This is both a good and a bad thing. Newcomers to the genre should find that the familiar tropes make it a little easier to get into. However, long-time fans might be left spinning their wheels until they reach the endgame content.
It’s in the story where New World starts to set itself apart. Set on Aeternum, a fictional island in the Atlantic Ocean, your goal is to colonize the place. Unlike real-world missionaries, you won’t be bringing the words of magic sky daddies with you. You will however find actual magic, known as Azoth. This fun substance makes the plants and animals treat you as a threat, so they all want to extinguish your existence.
As an added bonus it also revives the dead explorers who came before you. They’ll want you dead, too. The only way to survive will be harnessing the power of Azoth to defend yourself.
Anyway, you choose your faction – The Marauders, The Syndicate, or The Covenant – and from there you’ll separate into your chosen company, which is New World’s term for guilds and clans. After picking a side, you’ll make like the British Empire as you take settlements throughout Aeternum and transform them into bustling hives of scum and villainy. Or business, trade, and battle. Whatever.
Things would be pretty boring if that was it, wouldn’t they? Luckily, Amazon Games has this covered too, because once you’ve built a settlement, you’ll have to defend it, too. The Corrupted, The Lost, The Ancient, and The Angry Earth are all NPC factions that you’ll have to align with and fight against as the story evolves.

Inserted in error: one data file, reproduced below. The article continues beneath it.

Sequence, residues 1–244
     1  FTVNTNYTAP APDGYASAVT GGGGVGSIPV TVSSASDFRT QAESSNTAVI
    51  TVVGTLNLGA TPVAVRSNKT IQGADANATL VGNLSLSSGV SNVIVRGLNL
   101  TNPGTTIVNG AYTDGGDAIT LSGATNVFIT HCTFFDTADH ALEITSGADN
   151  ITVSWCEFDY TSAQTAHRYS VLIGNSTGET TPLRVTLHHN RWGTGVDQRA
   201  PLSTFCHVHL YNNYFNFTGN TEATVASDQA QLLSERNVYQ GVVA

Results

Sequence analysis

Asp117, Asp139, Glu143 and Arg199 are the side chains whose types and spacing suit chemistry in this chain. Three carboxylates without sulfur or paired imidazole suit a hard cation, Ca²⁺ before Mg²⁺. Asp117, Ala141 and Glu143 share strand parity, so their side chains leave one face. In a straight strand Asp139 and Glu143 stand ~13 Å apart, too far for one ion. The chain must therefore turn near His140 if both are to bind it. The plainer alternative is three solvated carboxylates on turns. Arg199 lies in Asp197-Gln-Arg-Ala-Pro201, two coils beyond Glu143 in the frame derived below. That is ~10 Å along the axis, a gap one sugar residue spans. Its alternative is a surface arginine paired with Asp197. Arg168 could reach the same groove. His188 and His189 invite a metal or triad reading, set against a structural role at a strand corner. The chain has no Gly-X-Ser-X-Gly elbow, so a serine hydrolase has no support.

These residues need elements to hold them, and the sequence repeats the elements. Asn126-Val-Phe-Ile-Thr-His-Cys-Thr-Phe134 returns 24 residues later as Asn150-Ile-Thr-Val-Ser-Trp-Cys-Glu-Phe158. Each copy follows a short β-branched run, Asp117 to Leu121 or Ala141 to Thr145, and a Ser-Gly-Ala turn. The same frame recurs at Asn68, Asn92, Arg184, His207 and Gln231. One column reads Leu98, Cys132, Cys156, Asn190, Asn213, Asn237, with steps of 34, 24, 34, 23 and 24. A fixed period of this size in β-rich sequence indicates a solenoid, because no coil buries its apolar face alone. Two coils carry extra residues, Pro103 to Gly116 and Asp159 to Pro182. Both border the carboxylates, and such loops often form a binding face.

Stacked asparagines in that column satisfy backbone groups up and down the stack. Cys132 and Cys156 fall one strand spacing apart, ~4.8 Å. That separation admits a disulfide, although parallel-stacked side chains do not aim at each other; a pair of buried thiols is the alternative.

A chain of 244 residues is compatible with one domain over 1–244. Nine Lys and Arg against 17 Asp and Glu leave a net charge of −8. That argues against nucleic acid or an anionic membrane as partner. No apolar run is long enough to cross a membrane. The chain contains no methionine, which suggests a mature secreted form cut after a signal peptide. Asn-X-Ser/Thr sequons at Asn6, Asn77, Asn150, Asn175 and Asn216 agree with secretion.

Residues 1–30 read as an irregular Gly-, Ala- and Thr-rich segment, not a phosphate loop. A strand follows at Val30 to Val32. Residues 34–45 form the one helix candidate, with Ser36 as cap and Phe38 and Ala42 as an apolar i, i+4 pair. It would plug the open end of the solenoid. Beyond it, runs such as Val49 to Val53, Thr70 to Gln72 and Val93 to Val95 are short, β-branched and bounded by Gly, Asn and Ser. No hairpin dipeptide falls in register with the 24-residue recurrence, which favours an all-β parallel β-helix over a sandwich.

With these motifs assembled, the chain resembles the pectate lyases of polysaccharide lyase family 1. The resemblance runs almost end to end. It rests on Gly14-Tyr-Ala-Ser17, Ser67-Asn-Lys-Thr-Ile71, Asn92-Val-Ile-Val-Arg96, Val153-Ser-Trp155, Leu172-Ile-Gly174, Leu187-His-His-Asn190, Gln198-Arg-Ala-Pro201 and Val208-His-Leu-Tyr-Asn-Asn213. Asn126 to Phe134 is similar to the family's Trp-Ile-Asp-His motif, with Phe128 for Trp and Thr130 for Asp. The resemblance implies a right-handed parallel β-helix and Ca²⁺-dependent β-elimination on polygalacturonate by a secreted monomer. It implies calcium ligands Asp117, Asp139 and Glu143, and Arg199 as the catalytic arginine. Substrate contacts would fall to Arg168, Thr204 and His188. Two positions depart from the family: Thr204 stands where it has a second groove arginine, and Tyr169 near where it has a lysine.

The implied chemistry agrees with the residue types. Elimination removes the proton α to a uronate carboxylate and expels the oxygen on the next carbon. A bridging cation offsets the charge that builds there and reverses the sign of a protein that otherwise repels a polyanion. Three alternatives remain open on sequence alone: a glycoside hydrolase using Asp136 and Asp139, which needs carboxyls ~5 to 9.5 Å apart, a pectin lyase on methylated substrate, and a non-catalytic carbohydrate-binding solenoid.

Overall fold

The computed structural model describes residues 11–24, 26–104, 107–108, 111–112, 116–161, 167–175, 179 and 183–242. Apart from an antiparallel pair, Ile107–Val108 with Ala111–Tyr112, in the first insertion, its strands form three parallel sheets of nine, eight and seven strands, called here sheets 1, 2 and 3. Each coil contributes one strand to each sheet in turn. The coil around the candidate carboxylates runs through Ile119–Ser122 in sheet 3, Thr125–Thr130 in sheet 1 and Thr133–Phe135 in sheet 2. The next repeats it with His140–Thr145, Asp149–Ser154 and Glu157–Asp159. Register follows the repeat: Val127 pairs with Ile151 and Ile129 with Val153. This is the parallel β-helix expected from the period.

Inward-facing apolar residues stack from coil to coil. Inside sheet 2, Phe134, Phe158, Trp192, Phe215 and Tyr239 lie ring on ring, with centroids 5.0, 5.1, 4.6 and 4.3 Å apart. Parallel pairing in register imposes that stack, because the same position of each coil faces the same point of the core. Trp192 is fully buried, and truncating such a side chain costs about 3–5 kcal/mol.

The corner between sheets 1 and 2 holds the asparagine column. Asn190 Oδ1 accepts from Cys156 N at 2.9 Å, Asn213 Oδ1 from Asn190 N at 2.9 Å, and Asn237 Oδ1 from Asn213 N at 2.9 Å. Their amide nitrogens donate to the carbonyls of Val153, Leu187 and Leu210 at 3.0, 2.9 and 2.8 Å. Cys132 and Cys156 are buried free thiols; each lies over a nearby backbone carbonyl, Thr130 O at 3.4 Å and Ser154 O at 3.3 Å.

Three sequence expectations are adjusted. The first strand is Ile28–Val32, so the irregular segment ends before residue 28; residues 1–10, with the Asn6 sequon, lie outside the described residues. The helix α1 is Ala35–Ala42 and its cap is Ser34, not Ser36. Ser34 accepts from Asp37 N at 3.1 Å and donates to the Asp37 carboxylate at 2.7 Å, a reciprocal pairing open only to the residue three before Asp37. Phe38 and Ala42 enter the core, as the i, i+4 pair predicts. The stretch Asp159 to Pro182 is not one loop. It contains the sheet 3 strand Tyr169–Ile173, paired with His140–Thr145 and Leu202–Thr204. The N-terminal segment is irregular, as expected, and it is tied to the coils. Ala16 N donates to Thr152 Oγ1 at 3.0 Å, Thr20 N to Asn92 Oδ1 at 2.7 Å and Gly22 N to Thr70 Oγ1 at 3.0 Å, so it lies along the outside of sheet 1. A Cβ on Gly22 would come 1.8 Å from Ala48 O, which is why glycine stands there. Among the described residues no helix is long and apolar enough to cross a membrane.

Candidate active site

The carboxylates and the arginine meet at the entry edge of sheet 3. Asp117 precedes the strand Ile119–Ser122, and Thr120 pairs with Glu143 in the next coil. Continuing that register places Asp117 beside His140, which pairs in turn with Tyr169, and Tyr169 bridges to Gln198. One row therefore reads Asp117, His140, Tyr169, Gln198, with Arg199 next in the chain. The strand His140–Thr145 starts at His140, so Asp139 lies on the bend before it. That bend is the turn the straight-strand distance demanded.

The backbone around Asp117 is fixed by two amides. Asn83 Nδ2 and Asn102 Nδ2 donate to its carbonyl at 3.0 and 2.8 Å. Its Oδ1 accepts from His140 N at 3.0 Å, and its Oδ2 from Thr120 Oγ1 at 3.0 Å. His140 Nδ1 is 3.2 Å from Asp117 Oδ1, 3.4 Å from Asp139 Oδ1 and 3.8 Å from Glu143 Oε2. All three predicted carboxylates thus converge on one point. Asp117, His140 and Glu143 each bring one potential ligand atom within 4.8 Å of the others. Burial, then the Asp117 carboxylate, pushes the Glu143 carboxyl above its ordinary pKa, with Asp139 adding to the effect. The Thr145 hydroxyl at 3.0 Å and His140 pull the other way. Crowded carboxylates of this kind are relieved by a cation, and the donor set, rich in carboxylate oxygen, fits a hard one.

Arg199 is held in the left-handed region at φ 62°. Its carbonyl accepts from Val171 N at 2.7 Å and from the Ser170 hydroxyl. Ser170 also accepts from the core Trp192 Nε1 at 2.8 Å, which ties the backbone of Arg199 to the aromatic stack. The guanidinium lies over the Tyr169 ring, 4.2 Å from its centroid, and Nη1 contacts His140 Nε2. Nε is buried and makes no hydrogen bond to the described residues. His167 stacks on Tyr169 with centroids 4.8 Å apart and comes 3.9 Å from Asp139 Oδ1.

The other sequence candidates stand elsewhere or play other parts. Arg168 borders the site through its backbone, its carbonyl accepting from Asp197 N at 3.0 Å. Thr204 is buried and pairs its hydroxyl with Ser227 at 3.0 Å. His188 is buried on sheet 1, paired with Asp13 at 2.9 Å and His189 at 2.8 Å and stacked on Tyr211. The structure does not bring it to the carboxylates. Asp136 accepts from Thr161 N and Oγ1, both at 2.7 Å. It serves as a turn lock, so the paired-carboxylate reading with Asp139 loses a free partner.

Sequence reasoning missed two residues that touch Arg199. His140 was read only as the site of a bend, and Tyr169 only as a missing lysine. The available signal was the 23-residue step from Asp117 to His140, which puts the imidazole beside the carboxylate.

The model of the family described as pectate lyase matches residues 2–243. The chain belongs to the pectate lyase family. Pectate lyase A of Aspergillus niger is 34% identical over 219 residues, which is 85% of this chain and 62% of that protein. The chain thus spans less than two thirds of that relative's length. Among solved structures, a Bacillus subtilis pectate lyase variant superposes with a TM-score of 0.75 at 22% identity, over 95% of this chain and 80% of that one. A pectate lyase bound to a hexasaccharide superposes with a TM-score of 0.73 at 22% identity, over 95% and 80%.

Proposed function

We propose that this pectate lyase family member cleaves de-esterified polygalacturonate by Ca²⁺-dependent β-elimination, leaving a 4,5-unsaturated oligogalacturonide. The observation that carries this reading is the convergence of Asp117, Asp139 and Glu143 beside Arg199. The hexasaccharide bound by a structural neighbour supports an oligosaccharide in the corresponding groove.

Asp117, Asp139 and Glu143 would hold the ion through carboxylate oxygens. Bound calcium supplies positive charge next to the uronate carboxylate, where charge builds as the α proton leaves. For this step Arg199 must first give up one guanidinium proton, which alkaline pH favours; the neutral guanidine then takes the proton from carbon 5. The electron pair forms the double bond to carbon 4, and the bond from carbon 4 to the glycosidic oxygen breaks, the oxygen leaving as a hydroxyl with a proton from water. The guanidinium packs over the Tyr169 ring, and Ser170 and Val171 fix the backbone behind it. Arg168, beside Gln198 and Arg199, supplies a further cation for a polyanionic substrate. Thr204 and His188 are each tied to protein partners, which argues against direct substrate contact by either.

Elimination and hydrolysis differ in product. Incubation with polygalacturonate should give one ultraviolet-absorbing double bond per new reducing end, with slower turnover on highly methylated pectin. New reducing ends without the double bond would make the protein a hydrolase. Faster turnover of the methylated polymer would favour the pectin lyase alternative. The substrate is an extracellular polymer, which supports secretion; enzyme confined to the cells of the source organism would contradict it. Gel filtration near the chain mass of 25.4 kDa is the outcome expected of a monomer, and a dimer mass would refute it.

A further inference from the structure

A captivating story and a rich, magic-based system would be all for nothing if there wasn’t plenty of gameplay to keep you occupied. So let’s break down the different play modes.
Expeditions are the ‘traditional’ MMO dungeon experience. You and a crew of up to four partners combine in a hopefully unbeatable team. Enjoy plenty of exploration and lots of bad guys to farm XP from.
Maybe that sounds a little small-scale, though. Maybe you want to join in with War Mode. This is the PvP experience that online games can live or die by. Up to 100 players total jump in here and you’ll need to attack or defend a settlement.